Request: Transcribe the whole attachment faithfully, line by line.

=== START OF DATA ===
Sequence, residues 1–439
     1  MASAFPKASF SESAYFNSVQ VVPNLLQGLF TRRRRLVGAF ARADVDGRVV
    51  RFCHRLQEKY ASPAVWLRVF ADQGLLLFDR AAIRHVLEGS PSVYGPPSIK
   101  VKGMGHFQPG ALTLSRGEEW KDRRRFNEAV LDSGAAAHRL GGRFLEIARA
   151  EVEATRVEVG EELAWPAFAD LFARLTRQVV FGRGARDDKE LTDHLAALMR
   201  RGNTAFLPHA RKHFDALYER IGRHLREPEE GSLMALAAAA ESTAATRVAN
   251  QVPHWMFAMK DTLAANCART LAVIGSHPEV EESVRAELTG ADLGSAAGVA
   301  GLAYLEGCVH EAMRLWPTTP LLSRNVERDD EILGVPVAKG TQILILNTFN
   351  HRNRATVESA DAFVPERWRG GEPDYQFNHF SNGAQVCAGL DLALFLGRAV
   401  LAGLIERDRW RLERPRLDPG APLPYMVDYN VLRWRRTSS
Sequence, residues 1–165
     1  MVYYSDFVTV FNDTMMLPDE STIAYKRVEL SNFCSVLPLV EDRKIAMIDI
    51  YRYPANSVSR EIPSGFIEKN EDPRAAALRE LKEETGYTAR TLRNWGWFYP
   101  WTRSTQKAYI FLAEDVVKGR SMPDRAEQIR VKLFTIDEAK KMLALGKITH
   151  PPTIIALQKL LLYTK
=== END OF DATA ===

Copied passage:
Sequence, residues 1–439
     1  MASAFPKASF SESAYFNSVQ VVPNLLQGLF TRRRRLVGAF ARADVDGRVV
    51  RFCHRLQEKY ASPAVWLRVF ADQGLLLFDR AAIRHVLEGS PSVYGPPSIK
   101  VKGMGHFQPG ALTLSRGEEW KDRRRFNEAV LDSGAAAHRL GGRFLEIARA
   151  EVEATRVEVG EELAWPAFAD LFARLTRQVV FGRGARDDKE LTDHLAALMR
   201  RGNTAFLPHA RKHFDALYER IGRHLREPEE GSLMALAAAA ESTAATRVAN
   251  QVPHWMFAMK DTLAANCART LAVIGSHPEV EESVRAELTG ADLGSAAGVA
   301  GLAYLEGCVH EAMRLWPTTP LLSRNVERDD EILGVPVAKG TQILILNTFN
   351  HRNRATVESA DAFVPERWRG GEPDYQFNHF SNGAQVCAGL DLALFLGRAV
   401  LAGLIERDRW RLERPRLDPG APLPYMVDYN VLRWRRTSS
Sequence, residues 1–165
     1  MVYYSDFVTV FNDTMMLPDE STIAYKRVEL SNFCSVLPLV EDRKIAMIDI
    51  YRYPANSVSR EIPSGFIEKN EDPRAAALRE LKEETGYTAR TLRNWGWFYP
   101  WTRSTQKAYI FLAEDVVKGR SMPDRAEQIR VKLFTIDEAK KMLALGKITH
   151  PPTIIALQKL LLYTK